Inside The Twitter-Summize Deal

Twitter has confirmed that it is buying Summize and rolling it into the San Francisco-based company’s main offering. After the rumors of the deal were reported by Josh Chandler last week, I was able to confirm that the deal was done and would be announced on time. So right on time, the two companies made a joint announcement.

As indicated in the post, I promised to get some more financial details on the acquisition. Peter Kafka pegs the price at $15 million in stock and cash, though I am much more confident on the information from my sources, who say Twitter gave away north of 10 percent of the company to acquire Summize. My sources peg Twitter’s value at around $80 million. If you remember, I had reported about $15 million in new funding earlier this summer. As part of the deal, Summize employees are going to join Twitter, though CEO Jay Virdy is going to leave and do something else.

We’re excited to announce that Twitter has acquired Summize—an extraordinary search tool and an amazing group of engineers. All five Summize engineers will move to San Francisco, CA and take jobs at Twitter, Inc. This is an important step forward in the evolution of Twitter as a service and as a company.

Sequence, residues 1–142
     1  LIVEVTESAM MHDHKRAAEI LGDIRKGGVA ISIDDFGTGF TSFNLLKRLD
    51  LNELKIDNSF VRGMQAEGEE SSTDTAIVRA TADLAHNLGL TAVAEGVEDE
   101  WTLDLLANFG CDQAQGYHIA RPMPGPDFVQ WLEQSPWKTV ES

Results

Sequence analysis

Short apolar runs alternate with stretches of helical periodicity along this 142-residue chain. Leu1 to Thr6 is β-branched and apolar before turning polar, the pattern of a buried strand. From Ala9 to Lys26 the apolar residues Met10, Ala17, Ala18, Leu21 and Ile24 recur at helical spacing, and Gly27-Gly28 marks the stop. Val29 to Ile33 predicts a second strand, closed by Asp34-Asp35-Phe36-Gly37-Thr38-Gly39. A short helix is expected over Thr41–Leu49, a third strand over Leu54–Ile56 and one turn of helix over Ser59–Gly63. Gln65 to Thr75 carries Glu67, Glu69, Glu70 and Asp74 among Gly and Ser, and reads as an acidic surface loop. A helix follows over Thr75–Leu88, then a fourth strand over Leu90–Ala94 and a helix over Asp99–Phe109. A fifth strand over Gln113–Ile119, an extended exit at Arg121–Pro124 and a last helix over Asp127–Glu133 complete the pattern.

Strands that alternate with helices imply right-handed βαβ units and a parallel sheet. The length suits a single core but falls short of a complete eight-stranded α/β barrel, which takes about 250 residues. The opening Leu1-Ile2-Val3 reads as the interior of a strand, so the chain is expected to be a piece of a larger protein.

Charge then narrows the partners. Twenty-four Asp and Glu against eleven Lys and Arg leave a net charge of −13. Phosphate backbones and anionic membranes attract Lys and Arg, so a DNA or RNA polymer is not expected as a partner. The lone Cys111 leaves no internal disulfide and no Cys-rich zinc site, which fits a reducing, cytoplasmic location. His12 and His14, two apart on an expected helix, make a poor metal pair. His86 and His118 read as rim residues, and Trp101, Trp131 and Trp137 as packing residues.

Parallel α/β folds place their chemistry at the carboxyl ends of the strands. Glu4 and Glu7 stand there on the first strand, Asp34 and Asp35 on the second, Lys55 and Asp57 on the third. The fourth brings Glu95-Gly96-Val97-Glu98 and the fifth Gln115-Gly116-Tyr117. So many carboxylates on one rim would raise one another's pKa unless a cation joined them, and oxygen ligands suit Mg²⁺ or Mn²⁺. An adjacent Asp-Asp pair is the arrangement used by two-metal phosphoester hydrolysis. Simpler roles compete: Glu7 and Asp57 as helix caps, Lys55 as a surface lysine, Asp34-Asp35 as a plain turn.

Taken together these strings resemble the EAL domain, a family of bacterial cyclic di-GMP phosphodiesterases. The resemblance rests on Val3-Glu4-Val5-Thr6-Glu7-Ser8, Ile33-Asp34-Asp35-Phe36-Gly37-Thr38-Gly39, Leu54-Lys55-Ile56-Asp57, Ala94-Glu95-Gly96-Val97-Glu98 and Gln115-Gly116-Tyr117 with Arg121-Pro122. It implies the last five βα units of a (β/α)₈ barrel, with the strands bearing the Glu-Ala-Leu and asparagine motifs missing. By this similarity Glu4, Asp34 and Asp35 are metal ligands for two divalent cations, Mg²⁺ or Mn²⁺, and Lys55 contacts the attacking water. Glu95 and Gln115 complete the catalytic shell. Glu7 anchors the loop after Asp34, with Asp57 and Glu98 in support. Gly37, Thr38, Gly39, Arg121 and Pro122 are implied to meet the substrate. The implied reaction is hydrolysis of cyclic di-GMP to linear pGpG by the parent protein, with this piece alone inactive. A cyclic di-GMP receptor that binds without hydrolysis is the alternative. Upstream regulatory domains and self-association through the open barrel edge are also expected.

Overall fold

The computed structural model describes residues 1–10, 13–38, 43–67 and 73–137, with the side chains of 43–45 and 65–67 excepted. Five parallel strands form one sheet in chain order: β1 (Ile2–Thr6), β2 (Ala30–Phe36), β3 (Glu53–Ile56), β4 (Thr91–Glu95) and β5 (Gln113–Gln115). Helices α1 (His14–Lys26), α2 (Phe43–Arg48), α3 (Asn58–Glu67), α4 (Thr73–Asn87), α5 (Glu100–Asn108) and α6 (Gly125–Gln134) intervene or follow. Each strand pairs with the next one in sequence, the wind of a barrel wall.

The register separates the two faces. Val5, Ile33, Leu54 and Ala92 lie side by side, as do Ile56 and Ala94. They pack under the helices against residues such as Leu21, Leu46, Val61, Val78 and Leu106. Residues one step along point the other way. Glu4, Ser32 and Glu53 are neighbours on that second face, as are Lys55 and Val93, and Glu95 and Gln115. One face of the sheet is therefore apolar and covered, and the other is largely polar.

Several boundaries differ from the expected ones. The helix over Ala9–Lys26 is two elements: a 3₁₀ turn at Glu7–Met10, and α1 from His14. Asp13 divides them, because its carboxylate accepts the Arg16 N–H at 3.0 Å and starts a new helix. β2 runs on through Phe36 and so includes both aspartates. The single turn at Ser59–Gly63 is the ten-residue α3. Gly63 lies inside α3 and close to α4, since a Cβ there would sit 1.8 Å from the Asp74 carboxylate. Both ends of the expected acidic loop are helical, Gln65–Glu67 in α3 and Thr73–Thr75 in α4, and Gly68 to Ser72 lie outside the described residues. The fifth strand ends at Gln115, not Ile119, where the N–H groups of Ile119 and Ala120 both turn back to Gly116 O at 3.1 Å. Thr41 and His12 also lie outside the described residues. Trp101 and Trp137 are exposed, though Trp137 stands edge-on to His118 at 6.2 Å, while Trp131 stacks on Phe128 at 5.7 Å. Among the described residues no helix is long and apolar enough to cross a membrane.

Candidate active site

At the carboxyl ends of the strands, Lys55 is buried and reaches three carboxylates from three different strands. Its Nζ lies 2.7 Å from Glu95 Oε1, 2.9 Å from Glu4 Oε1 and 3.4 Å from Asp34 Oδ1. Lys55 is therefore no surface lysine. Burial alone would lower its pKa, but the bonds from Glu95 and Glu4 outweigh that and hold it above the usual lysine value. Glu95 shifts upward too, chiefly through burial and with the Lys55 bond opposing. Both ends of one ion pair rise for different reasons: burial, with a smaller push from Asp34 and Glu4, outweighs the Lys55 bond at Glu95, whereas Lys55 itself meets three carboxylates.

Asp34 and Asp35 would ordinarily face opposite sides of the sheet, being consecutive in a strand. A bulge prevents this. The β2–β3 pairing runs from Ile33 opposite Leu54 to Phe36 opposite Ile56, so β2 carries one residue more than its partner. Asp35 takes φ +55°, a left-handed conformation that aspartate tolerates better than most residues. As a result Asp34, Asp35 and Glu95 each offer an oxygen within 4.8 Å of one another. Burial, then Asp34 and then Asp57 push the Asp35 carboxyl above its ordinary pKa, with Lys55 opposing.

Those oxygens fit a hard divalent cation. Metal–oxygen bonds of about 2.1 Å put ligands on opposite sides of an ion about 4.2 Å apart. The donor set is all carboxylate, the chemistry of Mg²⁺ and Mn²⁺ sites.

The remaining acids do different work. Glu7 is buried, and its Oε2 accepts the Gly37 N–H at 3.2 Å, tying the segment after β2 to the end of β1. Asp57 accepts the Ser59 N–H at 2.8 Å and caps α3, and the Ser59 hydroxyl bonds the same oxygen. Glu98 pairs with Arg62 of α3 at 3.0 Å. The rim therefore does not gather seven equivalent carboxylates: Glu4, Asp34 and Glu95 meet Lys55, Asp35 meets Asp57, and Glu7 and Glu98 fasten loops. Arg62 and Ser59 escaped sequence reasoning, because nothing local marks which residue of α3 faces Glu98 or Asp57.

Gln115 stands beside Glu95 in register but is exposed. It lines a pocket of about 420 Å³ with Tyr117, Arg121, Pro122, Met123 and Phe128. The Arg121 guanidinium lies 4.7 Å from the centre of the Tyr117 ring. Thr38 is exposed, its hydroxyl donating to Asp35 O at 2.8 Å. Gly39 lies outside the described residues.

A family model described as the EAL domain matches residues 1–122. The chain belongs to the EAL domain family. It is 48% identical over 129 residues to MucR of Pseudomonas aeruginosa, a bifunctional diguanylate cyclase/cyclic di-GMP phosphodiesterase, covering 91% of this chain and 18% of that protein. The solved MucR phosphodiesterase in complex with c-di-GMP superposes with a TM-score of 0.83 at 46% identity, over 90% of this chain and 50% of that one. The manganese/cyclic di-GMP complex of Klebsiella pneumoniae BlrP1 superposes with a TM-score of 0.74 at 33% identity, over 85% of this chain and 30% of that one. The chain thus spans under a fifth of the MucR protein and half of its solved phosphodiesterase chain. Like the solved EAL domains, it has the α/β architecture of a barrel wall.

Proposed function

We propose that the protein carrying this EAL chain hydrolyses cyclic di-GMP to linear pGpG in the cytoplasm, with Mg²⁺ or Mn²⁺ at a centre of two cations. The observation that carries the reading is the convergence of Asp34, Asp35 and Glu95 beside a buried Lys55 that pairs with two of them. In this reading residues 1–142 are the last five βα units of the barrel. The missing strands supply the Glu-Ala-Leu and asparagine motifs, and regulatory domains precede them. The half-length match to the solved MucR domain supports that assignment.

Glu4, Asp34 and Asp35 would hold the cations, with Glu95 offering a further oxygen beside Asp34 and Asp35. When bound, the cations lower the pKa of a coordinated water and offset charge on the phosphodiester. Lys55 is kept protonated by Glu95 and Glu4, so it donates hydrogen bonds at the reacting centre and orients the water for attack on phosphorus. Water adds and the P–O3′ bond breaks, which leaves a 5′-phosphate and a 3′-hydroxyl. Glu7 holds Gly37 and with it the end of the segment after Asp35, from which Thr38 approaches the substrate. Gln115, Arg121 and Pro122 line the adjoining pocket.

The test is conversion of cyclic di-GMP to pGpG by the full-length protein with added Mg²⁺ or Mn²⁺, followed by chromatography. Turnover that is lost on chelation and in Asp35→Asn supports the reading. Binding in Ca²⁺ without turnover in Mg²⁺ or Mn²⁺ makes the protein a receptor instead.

As I outlined in my posts last Monday and yesterday, I think it is a super-smart move by Twitter, and if the company plays its cards right, it’s going to pay dividends in the long run. What they have given away is chump change compared to the potential. As I wrote last week:

The deal would be a good move by Twitter, and would be putting some of its recently acquired $15 million in VC funding to decent use as it would help the company get hold of of a business model.

Summize has come up with a clever way of peering through Twitter’s vast data stream and finding out what’s hot, where and how. The results are essentially keywords — topic-, person- or location-based — and thus can be used to show contextual advertising next to the pages that show these results. Summize has thereby developed an ability to monetize conversations without being intrusive.

Unlike a lot of others, I am not ready to throw my lot with some of the newer services just yet. One of the things that continues to attract me to Twitter, warts and all, is the relatively simplicity of it core service. I fell in love with it long before it became a Silicon Valley diva with a bad drinking problem. Of course, we all know recovering divas can slip into bad habits again. That is one thing I worry about: ability of Twitter to actually harness and not mess up this new acquisition.

Update: Michael Arrington interviews Ev Williams, one of the founders of Twitter about the company’s plans in an extensive interview.